12 Student perceptions Artificial and contrived
Something that is done to them Doesn’t measure anything important Hurdle to be jumped Not part of their learning Sole purpose of their learning Don’t under-estimate the number of students who think that the only purpose of education is to pass exams.

13 Cultural revolution OK – so that the past – good and bad.
We’re currently going through a cultural revolution. Not sure when it started ’s? 1980’s? But the world is changing... Go through images from top left to bottom right... “different morals, rapidly spreading technology (even to Third World), reduced respect for authority”. Botswana story... “no shoes on their feet but ipods and laptops”.

14 Web 2.0 User-generated content Architecture of participation
Network effects Openness Data on an epic scale Power of the crowd Part of that “cultural revolution” is technological change. One of the main technological changes going on right now is “Web 2.0” (“oh” not “zero”). An excellent JISC paper defined six characteristics of Web 2.0 (Anderson).


16 But this is an easier way to describe Web 2.0...
Flickr is simple to use, easy to contribute, massive amount of data, and free. And Web 2.0 services omit final vowel!

17 New types of learner? “Millennials” “Google Generation” “Generation X”
Lots of commentators have commented on new types of learner. e.g. “Google generation” is anyone born after 1984 (now 24). Marc Prensky coined the most famous description... “digital native”... “Net Geners” “Digital natives”

18 Digital natives Use books Passive learning Contrived tasks
IMMIGRANT NATIVE Use books Passive learning Contrived tasks Process oriented Memorise Library Compete Use Web Active learning Authentic tasks Goal oriented Search Google Collaborate He contrasted the “digital native” (young learners) with “digital immigrants” (you and me).

19 Kids don’t use libraries.
“Pupils borrow on average one library book a term”... and search Google 20 times a day.

20 Old types of rules… New learners... old rules.
Mr Chumley-Warner said last bit!

21 This is the environment that young people inhabit.
If you don’t use these services, you’re kids or grandchildren will.

22 Hidden curriculum Assignment
Google Wiki-pedia Skype Assignment The way young people do assessments is not the way we imagine. They don’t do the literature reviews that we give them and use libraries. They use Wikipedia as a starting point, the Google some, then ask their friends... and produce an essay with a couple of references to your reading list! This is the “hidden curriculum” – the real resources that students use.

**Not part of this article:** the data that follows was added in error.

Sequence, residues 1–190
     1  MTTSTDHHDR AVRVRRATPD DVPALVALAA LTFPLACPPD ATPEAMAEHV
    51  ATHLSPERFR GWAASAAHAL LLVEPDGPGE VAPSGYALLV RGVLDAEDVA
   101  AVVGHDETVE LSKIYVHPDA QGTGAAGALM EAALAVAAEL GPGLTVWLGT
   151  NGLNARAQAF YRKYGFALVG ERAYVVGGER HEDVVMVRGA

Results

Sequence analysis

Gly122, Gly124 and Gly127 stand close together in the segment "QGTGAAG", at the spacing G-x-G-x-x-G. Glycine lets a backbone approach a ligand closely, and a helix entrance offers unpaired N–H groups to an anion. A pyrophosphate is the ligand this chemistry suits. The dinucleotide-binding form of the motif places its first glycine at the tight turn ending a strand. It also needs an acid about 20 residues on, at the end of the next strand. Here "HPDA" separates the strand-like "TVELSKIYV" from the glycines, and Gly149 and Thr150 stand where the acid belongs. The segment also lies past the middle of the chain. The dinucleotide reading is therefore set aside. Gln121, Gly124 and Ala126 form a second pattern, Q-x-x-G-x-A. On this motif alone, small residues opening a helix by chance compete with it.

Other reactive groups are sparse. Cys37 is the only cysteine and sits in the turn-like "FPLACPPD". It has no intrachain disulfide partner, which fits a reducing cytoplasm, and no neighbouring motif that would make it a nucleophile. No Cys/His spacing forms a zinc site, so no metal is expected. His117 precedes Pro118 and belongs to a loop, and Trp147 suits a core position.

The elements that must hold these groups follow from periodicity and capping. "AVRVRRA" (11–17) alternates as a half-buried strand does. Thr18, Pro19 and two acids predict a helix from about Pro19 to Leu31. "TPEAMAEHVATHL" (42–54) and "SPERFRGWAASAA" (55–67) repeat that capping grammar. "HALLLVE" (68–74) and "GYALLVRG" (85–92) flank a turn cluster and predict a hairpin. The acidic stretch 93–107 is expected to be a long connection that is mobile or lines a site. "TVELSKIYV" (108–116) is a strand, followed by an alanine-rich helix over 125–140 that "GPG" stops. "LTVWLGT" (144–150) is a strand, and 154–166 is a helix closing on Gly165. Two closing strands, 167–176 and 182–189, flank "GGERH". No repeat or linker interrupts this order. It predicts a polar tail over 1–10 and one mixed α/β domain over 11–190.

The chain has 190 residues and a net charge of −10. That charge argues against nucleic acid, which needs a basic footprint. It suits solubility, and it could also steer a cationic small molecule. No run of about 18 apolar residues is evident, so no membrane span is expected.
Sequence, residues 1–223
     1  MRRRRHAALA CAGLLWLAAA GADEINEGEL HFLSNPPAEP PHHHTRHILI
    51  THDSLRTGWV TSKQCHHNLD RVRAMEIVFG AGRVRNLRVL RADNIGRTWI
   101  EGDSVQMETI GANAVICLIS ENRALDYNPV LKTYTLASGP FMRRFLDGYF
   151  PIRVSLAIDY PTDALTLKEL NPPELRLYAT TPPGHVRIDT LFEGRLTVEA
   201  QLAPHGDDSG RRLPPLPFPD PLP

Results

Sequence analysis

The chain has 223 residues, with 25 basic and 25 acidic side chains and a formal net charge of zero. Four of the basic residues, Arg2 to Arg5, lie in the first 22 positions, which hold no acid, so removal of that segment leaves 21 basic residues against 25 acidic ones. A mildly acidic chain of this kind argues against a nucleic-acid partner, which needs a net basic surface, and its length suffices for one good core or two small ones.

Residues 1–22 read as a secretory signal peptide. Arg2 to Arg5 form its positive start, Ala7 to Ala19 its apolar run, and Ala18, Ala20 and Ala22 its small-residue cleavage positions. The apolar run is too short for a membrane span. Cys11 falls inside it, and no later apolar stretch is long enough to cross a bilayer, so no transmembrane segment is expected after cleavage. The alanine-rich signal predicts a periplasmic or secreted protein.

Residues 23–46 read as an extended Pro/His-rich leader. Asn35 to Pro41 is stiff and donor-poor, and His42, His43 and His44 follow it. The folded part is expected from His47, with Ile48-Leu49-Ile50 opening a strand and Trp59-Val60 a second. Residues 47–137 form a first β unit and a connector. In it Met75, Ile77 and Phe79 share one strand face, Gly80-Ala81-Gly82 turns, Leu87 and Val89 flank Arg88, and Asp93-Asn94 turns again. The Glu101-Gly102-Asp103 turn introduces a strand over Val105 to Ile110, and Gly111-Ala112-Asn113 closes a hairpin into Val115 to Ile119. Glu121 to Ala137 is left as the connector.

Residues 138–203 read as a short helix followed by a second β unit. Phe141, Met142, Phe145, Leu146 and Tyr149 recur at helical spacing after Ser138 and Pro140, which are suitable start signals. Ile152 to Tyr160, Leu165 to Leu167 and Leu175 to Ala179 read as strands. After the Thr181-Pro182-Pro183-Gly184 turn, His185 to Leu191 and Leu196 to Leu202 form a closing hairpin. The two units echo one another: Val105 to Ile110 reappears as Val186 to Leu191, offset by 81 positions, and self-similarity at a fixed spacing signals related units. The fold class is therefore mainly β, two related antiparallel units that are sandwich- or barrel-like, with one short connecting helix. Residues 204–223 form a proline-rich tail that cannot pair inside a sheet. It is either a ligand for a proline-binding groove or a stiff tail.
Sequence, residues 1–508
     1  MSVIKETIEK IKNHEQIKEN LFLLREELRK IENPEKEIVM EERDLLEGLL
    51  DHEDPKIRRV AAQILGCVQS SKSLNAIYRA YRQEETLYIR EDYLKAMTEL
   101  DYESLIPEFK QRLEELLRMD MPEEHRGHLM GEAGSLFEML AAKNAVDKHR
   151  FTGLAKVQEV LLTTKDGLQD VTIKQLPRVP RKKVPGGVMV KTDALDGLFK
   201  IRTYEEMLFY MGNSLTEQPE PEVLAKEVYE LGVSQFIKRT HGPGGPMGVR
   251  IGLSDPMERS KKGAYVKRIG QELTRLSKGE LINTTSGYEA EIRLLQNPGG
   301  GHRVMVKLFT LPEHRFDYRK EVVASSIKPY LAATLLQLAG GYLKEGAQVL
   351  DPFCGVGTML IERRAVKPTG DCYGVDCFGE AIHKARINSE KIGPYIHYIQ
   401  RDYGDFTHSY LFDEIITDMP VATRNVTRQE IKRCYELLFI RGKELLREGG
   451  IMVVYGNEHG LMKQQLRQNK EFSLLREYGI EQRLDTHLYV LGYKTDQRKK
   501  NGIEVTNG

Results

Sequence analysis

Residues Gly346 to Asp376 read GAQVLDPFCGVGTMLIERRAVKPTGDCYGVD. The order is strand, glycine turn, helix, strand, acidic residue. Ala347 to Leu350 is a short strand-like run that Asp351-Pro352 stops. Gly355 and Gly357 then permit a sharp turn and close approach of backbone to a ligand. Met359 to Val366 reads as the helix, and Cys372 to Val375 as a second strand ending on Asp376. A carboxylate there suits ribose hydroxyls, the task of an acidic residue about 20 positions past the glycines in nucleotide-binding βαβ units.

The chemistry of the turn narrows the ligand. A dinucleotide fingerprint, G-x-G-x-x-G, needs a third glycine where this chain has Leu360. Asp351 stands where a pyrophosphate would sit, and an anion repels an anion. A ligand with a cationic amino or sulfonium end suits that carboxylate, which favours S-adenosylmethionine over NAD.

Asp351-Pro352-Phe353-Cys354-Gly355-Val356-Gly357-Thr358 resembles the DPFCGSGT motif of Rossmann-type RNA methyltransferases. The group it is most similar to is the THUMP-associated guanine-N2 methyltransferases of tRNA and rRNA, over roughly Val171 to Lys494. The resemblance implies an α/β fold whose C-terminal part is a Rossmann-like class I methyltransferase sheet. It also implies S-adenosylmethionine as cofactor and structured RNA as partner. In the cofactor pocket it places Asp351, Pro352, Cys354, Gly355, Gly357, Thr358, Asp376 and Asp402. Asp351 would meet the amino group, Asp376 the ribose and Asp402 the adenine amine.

23 Assessment 2.0 Authentic Natural Personalised Negotiated Problem-based
Deep Collaborative Peer and self-assessed Tool supported I am proposing an update to assessment. Not a technological update – an update to the characteristics of a “modern assessment”. A modern assessment should exhibit some or all of these characteristics. Tool support is not *permitted* - it’s encouraged!

24 Evidence Naturally occurring Digital Multimedia Distributed
Student Facebook Skype Google mail MSN Wikipedia Naturally occurring Digital Multimedia Distributed A modern assessment will produce digital evidence in a range of formats. Such as , chat logs, Wikipedia pages (written by the student), etc. It will embrace accreditation of prior learning by accepting their previous work (such as an old dialogue or video they made a few years ago).

25 Assessment 1.0 v Assessment 2.0
Given Done alone Descriptive Text Closed book Done in class Teacher assessed Negotiated Done collaboratively Researched/Deep Text/audio/video Open web Done anywhere Self- and peer-assessed Here is a summary of the characteristics of “traditional” and “modern” assessment. They are almost opposites.

26 Assessment 1.0 v Assessment 2.0
Write an essay describing the rise of Fascism in Germany during the period You may not confer nor refer to notes or other reference material. Working with other students, choose an aspect of the rise of Fascism in Germany during the 1930’s and research this. Create a team blog to record your findings. Here is an example of a traditional assessment task and a modern assessment task. Note that the old one involves an essay that must be done along, in class. The new approach has an element of choice, group working and collaboration. The output is a group blog.

27 Assessment 1.0 v Assessment 2.0